Although you don’t have much control over what will happen to you, the one thing you do have complete control over is how you interpret it – your perspective.
Even though I lost both my parents at such a young age, and some people can view that as tragic, the way I look at it is that at least:
- I didn’t grow up dodging bullets in some war-torn country
- I didn’t and am not going hungry every day
- I have a roof over my head
- I have a job or the ability to get a job
- And the list goes on and on…
Bad things have happened to me and you and they will continue happening, there’s no doubt about that, but it’s how we look at things that matter.
We Are All on a Balance Beam
Our journey is like walking on a balance beam. The goal is to get from one side to the other.
Also, along with the way, there are a bunch of boxes that have surprises in them – they all have all the good things that will happen to us – our first pet, a new job, wedding, birth of children, things like that.
But… while you’re trying to get to each milestone and eventually to the end, things are being thrown at you trying to knock you off – life’s little curveballs.
Sometimes you will have ping pong balls thrown at you. These won’t knock you off, but they’re definitely an annoyance. After some time, you learn how to handle them.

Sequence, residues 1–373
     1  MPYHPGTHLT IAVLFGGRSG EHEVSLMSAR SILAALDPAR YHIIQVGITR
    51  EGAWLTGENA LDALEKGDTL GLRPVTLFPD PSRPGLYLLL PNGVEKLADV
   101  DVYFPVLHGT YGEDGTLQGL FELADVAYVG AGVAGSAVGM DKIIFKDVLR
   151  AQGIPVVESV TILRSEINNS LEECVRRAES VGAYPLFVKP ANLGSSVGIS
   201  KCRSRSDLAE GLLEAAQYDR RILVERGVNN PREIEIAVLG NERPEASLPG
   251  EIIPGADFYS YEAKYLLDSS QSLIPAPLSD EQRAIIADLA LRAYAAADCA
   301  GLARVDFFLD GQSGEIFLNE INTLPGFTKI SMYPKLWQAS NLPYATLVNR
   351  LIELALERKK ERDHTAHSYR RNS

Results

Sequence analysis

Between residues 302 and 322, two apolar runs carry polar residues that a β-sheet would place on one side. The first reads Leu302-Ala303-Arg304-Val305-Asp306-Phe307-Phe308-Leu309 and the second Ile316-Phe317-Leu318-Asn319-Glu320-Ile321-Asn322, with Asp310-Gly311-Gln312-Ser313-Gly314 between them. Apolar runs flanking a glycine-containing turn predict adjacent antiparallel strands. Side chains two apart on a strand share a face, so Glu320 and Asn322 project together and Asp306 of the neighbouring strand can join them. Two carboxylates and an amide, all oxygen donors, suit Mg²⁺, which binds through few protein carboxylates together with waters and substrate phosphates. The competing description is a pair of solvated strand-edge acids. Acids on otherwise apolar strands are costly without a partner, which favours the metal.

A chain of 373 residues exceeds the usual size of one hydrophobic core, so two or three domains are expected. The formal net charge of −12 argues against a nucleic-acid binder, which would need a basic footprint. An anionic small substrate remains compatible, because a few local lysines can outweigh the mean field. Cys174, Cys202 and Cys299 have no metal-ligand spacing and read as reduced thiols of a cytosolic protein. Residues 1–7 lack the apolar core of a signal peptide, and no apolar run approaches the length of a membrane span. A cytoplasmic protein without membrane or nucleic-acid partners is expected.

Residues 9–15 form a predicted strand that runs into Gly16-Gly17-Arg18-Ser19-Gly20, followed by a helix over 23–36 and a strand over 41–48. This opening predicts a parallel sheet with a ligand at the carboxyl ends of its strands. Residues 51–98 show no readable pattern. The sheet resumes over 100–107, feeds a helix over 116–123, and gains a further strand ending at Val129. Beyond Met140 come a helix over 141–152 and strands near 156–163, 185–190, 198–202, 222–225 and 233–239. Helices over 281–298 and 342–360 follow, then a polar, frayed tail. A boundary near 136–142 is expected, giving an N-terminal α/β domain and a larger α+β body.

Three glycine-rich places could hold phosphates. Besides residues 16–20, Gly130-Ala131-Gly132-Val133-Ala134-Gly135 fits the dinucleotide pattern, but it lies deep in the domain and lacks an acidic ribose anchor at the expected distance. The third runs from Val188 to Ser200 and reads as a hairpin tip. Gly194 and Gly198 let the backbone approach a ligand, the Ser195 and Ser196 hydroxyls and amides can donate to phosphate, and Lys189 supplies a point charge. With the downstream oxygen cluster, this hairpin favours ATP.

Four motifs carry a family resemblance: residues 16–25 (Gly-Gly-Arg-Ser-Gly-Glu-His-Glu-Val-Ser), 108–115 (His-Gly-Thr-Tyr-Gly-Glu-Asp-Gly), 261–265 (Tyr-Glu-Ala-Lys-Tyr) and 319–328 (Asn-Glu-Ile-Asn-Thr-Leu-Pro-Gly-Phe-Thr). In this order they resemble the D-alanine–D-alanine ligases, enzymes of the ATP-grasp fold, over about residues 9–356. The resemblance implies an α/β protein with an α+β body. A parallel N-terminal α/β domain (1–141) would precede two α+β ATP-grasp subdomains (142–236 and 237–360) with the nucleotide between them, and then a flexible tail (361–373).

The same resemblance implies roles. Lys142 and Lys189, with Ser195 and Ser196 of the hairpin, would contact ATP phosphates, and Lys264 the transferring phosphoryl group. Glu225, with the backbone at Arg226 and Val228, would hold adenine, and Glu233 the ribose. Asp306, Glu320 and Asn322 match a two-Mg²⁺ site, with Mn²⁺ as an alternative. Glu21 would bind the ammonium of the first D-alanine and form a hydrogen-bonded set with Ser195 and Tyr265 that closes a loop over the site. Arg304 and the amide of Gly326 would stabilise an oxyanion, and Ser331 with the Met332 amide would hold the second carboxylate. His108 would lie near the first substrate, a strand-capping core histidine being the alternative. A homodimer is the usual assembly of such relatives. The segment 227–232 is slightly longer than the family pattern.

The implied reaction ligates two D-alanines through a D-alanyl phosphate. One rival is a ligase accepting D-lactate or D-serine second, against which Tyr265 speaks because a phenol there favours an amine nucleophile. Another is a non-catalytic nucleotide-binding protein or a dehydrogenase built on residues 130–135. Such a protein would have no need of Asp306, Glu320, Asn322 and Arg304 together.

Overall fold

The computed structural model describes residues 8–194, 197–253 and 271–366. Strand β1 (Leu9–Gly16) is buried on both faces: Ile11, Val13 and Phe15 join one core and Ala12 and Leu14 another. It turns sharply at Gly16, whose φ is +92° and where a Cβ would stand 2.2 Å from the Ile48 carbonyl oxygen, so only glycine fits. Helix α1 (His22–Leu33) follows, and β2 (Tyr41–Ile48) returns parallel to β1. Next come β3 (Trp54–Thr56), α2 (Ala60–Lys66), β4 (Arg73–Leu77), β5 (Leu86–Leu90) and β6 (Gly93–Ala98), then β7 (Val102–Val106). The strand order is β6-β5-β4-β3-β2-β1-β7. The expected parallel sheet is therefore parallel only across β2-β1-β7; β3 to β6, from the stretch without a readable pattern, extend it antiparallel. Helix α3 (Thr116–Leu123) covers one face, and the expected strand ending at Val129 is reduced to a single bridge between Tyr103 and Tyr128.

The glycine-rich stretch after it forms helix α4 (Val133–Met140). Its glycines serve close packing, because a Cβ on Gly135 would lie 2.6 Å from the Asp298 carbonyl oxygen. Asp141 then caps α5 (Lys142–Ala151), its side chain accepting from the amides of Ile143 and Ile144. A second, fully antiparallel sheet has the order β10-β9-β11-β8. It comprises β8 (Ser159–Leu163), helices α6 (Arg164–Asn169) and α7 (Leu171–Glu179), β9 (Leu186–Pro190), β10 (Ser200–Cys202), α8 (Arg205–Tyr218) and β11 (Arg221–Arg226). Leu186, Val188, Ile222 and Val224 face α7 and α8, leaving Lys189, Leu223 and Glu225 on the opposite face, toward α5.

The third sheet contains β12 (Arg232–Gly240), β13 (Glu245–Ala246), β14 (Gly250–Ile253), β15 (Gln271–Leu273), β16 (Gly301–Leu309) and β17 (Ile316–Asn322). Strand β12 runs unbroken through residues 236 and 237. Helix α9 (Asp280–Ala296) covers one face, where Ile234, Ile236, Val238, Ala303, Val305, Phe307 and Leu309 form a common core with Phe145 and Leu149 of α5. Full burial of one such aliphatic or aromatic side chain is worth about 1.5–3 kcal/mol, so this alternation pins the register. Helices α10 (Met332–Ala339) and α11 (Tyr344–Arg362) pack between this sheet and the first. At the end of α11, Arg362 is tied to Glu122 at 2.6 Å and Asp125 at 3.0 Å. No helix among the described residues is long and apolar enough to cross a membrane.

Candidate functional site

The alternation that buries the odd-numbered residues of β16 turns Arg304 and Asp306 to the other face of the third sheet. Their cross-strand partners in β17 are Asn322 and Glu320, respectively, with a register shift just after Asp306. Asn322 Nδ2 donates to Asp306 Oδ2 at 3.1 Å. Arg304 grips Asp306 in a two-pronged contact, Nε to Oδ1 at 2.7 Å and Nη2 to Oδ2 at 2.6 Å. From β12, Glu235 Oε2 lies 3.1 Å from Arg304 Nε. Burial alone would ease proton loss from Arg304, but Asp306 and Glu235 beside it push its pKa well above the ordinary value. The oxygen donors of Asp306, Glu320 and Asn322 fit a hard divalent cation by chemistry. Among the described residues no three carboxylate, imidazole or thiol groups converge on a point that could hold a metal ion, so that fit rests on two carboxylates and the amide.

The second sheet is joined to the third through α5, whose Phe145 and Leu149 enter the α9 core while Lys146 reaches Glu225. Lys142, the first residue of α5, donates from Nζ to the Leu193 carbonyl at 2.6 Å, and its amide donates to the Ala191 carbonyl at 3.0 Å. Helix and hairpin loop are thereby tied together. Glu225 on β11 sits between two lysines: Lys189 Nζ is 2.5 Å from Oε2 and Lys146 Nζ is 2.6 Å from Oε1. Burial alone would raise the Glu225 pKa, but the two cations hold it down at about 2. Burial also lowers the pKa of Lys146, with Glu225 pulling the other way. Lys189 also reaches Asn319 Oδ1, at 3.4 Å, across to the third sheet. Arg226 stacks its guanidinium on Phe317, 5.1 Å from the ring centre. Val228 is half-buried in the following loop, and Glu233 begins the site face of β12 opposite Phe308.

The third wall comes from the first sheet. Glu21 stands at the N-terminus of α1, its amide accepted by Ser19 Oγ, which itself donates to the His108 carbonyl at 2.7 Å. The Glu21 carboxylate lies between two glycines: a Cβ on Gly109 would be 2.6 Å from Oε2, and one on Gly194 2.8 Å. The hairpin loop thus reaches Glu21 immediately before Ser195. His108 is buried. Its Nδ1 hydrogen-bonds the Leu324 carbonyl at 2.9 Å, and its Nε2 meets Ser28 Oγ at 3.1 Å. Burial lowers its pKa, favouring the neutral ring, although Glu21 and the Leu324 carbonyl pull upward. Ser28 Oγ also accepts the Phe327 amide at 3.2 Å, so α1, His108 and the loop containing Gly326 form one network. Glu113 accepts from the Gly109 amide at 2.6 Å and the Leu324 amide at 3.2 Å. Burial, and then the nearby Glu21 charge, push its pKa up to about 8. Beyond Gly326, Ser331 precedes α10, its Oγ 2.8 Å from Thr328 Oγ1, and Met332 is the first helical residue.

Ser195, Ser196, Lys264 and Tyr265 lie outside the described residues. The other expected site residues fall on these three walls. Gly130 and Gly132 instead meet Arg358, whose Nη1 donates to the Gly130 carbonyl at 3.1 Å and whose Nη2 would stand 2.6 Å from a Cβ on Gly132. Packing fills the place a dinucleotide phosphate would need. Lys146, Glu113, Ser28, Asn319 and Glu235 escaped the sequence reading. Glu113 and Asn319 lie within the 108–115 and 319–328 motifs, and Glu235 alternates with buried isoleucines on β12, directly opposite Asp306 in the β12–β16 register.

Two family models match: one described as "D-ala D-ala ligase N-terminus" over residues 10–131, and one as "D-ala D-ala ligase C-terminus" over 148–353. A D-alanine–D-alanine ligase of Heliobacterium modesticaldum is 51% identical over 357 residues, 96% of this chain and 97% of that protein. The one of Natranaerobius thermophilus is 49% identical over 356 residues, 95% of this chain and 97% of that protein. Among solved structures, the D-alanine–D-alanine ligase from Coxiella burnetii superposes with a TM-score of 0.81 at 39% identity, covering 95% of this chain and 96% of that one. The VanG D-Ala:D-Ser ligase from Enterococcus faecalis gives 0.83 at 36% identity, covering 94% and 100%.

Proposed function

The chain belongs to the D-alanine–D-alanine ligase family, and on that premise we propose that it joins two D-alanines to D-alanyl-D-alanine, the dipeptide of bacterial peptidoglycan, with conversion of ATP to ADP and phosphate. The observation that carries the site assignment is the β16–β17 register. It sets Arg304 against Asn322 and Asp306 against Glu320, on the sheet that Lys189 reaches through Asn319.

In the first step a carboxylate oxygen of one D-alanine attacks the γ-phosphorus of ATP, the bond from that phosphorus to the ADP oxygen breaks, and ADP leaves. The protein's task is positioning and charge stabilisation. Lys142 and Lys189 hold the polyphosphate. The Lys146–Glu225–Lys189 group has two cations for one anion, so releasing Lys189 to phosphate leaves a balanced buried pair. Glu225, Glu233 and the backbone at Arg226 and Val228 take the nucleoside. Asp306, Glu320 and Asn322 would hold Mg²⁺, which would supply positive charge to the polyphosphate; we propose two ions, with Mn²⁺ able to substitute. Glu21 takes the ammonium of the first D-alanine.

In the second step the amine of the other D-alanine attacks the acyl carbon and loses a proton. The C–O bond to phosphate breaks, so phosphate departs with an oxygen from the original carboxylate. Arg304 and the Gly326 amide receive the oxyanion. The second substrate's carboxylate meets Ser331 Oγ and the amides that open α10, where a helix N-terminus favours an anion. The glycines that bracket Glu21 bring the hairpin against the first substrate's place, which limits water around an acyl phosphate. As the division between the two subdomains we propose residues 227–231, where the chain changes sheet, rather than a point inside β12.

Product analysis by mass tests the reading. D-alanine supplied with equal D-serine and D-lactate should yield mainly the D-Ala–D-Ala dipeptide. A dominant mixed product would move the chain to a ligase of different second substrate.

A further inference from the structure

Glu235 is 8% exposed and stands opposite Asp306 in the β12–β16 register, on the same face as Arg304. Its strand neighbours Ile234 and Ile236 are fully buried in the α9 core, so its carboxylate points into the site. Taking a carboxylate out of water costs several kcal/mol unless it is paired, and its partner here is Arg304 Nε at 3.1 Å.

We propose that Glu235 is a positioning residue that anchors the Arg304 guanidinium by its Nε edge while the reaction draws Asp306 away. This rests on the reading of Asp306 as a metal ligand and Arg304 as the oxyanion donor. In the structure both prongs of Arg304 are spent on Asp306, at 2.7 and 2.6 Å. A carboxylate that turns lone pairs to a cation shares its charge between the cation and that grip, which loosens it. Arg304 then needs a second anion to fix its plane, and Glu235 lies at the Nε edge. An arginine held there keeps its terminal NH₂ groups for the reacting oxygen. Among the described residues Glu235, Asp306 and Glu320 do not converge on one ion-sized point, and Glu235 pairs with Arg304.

Other times you’ll have tennis balls thrown at you. Now, depending on where they hit you, they can be painful. Sometimes you’ll get knocked off the beam other times you won’t. But when you do, once you gain your composure, you get back on and continue your walk.
Finally, and inevitably, you’ll have a bowling ball thrown at you. No matter where it hits, it’s going to hurt, and it’ll definitely knock you off. These are the ones where you start thinking to yourself if you really want to get on again – because you’re not sure you’ll be able to handle the next one.
All these “balls” that are thrown at us are all the bad things that will happen – big and small. We can’t avoid them no matter how hard we try.
What we need to do is make sure we keep getting back on and keep moving forward. We also should think of those people who have had only bowling balls thrown at them – they’ve had it worse. But… they keep getting back on. If they do, so should you.
Also, an important thing to remember is that just because you fell off the beam or failed at that point in time, that doesn’t make you a failure. Let me say that again – just because you failed it doesn’t mean you’re a failure!
What if you went through your entire life and you never failed? What if you knew that whatever you tried to do you would always succeed? How boring would that be?
So embrace the “fails”, the “sucks”, all the “bad” things that did and will happen to you. It is in these moments that you grow, that you learn how to be able to handle them better the next time.
And remember, the next time something bad happens to you, it would be helpful to think about it in the context of the long game and relative to other people – to have some perspective.